Colombia’s controversy-ridden former President Alvaro Uribe has claimed to have sufficient evidence to prove that current President Juan Manuel Santos used $12 million worth of drug money to fund his 2010 campaign.
According to Radio Santa Fe, the claims were made during Uribe’s testimony to the Prosecutor General in regards to allegations that President Santos used illegal drug money to fund his first presidential campaign.
In a short statement, Uribe said he “confirmed the information provided to the Prosecutor General. The lines of information contain enough information to begin the inquiry into the $ 12 million used by the drug policy advisers of the President of the Republic and into the procedures carried out by the Government.”
Uribe’s attorney had previously admitted the former president did not have evidence.
According to a leaked recording of Uribe giving testimony at the Inspector General’s Office, his evidence consists of a claim made by Uribe ally Oscar Holmes Trujillo, who had told the former president that the alleged, but unnamed attorney of extradited “Rastrojos” boss “Diego Rastrojo” was willing to testify he had given $12 million to the Santos campaign.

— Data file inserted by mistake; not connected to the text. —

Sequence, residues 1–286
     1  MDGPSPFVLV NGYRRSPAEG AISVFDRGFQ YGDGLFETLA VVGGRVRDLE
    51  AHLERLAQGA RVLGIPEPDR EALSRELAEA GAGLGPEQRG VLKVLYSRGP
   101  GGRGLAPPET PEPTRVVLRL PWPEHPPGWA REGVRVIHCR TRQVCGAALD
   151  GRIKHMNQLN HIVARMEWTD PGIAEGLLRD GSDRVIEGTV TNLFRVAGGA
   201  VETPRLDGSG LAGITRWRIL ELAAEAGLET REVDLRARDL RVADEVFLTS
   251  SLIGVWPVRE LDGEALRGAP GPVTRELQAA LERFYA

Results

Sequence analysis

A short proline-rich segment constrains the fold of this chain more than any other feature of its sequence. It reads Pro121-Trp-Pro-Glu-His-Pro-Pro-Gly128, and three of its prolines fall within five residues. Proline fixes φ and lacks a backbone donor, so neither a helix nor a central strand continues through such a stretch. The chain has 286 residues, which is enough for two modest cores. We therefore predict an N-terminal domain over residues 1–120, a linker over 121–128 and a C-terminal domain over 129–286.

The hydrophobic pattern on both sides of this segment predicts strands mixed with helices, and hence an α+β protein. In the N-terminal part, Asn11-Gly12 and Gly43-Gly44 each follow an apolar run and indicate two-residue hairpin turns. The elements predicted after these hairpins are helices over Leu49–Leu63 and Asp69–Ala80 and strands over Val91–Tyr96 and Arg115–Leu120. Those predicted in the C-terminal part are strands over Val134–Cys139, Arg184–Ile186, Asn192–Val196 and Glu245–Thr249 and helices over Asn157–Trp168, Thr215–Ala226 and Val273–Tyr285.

However, former Cali mayor Ricardo Cobo, who had been present at the meeting, subsequently corrected Uribe saying the attorney had said to be “willing to ask his client about the money.”
Nevertheless, the former president and now-senator claimed on Tuesday to have information that $2 million from this alleged drug money was given to the campaign by advisers.
Uribe has been hounded in the Colombia press since his fall from power in 2010 and has been involved in a number of scandals which have rocked Colombian politics and society, most notably the False positives cases, which horrified the world with stories of extra judicial killings of civilians by Colombia army troops to raise figures of rebels killed in action.
Uribe was also linked to the 2008 “Colombian Watergate” scandal, which sparked a worldwide outrage.
The 2008 case implicated the former Colombian president as the alleged force behind illegal phone-tapping and surveillance of Supreme Court judges, journalists, human rights defenders and politicians but also drew ties to the US — a close ally and financial contributor to Colombia.